In 2002 and 2003, when the George W. Bush administration imposed safeguard actions on broad steel imports, there were hundreds of exemptions issued within six months of the measures being imposed.

Potential Roadblocks to Implementation of the Section 232 Announcement

  • Can Congress block the action?

Yes – but only if there are sufficient votes to overcome a likely Presidential veto.

  • Will there be a court challenge?

Highly likely. At this point it is unclear how such challenges will be undertaken or how successful efforts to establish judicial jurisdiction will be, because of the rareness of the remedy and the lack of meaningful precedent.

  • Will there be a WTO challenge?

Yes. The steel safeguard remedy was struck down by the WTO, resulting in the early termination of that relief under the George W. Bush administration. This will be viewed as a model as to how to respond.

The Repercussions of the Section 232 Announcement

  • How long will section 232 tariffs last?

The President has discretion and can decide how long the tariffs will last. President Trump himself has vowed that relief will be put in place “for a long period of time.”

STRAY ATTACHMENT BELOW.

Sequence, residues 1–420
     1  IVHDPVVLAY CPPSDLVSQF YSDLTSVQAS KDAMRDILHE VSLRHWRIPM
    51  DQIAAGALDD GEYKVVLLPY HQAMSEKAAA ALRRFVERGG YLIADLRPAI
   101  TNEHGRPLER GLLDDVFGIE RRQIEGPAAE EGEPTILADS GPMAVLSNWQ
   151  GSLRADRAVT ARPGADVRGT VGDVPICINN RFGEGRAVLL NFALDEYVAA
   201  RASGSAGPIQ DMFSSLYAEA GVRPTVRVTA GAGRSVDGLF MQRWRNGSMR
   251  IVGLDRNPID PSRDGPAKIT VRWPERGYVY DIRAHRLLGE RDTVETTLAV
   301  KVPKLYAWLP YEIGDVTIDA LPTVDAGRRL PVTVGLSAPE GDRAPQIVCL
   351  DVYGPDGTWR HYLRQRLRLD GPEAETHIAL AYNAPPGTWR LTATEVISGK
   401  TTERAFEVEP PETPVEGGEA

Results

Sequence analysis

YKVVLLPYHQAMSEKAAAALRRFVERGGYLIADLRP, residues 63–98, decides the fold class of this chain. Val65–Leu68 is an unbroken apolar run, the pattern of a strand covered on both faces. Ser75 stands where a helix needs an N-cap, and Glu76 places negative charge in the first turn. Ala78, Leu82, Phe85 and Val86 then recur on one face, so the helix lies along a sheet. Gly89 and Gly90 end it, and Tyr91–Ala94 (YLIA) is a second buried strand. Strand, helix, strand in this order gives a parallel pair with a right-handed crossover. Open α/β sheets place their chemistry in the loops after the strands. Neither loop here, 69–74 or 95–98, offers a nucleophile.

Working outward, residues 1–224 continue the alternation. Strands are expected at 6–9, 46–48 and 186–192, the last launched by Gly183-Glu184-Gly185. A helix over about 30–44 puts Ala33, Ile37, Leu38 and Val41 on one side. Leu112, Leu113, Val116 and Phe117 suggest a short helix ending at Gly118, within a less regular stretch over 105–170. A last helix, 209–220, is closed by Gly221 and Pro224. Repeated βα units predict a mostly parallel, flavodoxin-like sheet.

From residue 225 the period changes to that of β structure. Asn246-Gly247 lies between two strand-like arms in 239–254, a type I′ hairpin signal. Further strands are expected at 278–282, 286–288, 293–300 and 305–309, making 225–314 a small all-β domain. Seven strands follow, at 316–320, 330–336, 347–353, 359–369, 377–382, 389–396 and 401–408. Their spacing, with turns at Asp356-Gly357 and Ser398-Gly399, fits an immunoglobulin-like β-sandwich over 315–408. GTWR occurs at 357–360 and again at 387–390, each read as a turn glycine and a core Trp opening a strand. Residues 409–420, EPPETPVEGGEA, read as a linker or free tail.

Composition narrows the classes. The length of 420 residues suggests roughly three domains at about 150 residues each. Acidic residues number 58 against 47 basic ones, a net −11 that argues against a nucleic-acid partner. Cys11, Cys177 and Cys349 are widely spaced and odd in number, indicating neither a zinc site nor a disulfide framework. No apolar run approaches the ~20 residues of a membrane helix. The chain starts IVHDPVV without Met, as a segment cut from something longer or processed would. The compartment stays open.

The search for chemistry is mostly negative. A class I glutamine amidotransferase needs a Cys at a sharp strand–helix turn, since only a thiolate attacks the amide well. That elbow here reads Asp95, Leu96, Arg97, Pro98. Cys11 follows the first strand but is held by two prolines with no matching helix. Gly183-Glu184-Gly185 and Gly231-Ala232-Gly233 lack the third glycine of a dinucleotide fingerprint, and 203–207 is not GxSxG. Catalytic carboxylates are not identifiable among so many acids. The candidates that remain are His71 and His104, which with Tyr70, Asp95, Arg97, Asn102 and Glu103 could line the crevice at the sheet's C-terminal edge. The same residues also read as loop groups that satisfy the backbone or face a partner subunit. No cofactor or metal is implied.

President Trump’s Section 232 Aluminum Announcement

The President also announced that he would impose a similar remedy for the aluminum industry. Here, the Department of Commerce had issued three recommendations: (1) a 7.7% tariff on all aluminum exports from all countries; (2) a 23.6% tariff on all products from China, Hong Kong, Russia, Venezuela and Vietnam, with other countries facing a quota set at 100% of 2017 exports to the United States; and (3) a quota on imports from all countries to a maximum of 86.7% of their 2017 exports to the United States. Once again, the President chose the global tariff option, rounding it up to ten percent.

Coping with the Section 232 Tariffs